You recently started a new job at Oracle—congratulations! Can you tell me about that?

I started working at Oracle as a UX designer in April 2021. I joined the Oracle CX (Customer Experience) group that focuses on cloud-based CRM (Customer Relationship Management) solutions. I am working on a team of three designers, designing wireframes and user flows for features that are tailored to communications service providers (ex. ATT, Verizon).

That sounds great! How did you get the job?

Outside of applying to jobs online and expanding my portfolio with freelance projects, I focused on networking with other designers and people in the tech industry. This is a piece of advice that I got from nearly every designer I talked to in the past. I am an avid golfer and one day I happened to get grouped up with some strangers. While striking up a conversation with one of the guys, I mentioned my interest and background in UX design. After telling me that he worked at Oracle, he offered to share my resume and portfolio with his team. The rest is history!

That’s amazing! What are you enjoying most about working as a UX designer?

I enjoy working with a diverse team, including product managers and developers. It’s nice being able to bounce ideas off of different types of team members and discuss the feasibility of different solutions. Oracle has become very design-centric over the past few years and recently implemented its Redwood Design System which features beautiful and well-designed components that I can incorporate into my designs.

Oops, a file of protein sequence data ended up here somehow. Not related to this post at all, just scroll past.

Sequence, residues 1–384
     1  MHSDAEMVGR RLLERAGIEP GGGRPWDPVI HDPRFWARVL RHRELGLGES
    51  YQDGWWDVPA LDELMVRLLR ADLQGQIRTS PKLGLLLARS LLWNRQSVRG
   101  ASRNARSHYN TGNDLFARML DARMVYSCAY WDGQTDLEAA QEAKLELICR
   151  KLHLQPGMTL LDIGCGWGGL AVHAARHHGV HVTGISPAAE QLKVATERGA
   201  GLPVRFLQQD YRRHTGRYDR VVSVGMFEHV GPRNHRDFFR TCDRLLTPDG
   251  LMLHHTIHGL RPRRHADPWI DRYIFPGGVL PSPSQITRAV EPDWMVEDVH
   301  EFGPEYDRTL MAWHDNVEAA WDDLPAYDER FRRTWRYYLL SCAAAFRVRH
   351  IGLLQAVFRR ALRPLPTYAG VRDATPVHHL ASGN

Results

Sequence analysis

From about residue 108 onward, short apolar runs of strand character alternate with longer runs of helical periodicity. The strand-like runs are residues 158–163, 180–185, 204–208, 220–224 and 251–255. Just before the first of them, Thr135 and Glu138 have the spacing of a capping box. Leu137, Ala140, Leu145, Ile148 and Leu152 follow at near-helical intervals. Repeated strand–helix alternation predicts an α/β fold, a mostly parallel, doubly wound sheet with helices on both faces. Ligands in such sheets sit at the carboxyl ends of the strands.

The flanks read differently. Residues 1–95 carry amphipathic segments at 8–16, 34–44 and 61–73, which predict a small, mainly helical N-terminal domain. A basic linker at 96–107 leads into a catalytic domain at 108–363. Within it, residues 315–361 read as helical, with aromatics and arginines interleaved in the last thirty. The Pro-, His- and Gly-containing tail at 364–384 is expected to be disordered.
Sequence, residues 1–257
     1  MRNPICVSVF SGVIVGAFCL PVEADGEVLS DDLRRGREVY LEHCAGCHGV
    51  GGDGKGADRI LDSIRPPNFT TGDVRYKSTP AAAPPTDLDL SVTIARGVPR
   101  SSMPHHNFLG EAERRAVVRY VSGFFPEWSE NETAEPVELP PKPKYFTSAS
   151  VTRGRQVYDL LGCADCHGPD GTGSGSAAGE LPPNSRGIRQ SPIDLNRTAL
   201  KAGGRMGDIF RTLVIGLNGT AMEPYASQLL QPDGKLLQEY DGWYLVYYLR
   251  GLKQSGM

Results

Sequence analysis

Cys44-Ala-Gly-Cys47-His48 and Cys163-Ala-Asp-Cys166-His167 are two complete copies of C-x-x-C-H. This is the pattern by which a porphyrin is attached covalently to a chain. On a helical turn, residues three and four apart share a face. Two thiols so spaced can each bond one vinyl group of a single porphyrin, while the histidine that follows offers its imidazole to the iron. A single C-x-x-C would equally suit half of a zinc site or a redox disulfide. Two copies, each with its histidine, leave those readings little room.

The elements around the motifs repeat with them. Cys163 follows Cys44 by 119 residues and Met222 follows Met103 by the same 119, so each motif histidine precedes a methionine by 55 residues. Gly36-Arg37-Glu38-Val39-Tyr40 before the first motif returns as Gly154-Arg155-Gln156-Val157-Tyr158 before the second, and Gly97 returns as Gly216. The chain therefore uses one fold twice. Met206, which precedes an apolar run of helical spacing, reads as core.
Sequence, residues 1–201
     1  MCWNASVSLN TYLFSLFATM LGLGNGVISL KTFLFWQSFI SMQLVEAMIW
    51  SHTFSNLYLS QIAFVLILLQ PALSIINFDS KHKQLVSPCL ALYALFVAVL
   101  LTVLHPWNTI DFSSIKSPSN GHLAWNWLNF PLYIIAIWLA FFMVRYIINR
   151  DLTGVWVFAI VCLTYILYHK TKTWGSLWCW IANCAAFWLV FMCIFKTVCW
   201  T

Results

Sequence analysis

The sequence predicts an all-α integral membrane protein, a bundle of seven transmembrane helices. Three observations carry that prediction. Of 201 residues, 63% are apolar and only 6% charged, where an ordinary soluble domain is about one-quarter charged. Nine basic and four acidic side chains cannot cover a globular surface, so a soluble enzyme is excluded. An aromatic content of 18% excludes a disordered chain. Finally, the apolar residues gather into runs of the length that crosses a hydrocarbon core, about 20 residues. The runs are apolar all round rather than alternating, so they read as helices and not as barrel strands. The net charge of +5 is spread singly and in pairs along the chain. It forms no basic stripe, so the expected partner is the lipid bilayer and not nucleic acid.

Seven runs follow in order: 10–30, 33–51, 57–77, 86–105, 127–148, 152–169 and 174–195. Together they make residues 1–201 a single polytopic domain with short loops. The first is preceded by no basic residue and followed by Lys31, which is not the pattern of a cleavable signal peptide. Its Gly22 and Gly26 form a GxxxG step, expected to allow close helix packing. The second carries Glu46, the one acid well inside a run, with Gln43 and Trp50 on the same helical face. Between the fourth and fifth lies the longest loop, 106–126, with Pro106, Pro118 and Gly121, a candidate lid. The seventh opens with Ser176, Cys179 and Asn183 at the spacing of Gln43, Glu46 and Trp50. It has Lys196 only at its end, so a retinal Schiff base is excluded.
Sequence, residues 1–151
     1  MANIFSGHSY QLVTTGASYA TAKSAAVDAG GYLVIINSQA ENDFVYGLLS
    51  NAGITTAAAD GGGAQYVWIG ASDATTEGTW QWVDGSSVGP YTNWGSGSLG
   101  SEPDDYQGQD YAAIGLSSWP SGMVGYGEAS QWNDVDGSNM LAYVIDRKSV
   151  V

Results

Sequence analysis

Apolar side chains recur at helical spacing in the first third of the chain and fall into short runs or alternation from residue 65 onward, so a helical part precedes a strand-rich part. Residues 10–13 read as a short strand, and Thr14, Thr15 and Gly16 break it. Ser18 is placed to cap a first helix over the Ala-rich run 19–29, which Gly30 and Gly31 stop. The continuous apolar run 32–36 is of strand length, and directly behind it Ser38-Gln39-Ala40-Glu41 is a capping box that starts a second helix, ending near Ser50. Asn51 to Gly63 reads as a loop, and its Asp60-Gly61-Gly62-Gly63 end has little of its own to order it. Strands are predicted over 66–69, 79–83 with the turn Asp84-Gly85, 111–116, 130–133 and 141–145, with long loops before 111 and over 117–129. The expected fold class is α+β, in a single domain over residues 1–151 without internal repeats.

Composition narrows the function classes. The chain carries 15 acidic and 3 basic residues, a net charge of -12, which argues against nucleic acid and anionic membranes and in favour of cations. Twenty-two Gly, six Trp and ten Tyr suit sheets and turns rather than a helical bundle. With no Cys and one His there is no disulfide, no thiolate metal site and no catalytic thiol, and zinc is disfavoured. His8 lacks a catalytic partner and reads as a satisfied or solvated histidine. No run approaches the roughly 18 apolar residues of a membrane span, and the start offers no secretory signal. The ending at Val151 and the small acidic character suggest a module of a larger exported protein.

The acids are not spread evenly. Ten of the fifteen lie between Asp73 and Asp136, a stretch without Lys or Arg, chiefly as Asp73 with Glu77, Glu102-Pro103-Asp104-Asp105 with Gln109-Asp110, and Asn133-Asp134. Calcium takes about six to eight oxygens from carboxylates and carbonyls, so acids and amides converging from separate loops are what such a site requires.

In your experience, what makes a great UX designer?

I believe that great UX designers are big picture thinkers who understand the overarching problem that needs to be addressed, and have a clear understanding of how their solution will benefit users. In addition to being user-centric, great designers consider the needs and goals of the business and how their solution will push the company in the right direction.

What advice would you give to anyone reading this who might be considering a career-change into UX and / or thinking about taking the CareerFoundry UX program?

CareerFoundry will provide you with a very solid foundation to start with. However, it is very important that you expand your education beyond the program and take on freelance projects to build up your portfolio. In regards to job searching, I highly recommend putting yourself out there and networking with designers and managers to uncover the hidden job opportunities that do not get posted online. Who knows…a round of golf might put you in touch with someone that can help you land your first UX role, like it did for me! Best of luck!

Thank you, Scott!

If, like Scott, you want to start your career in UX, why not book a call with a program advisor? They’ll help you figure out your next steps. We can also recommend this guide on how to become a UX designer, step by step.

by Emily Stevens on 31 May 2021

About the author

Emily Stevens

Originally from England, Emily moved to Berlin after studying French and German at university. She has spent the last seven years working in tech startups, immersed in the world of UX and design thinking. In addition to writing for the CareerFoundry blog, Emily has been a regular contributor to several industry-leading design publications, including the InVision blog, UX Planet, and Adobe XD Ideas.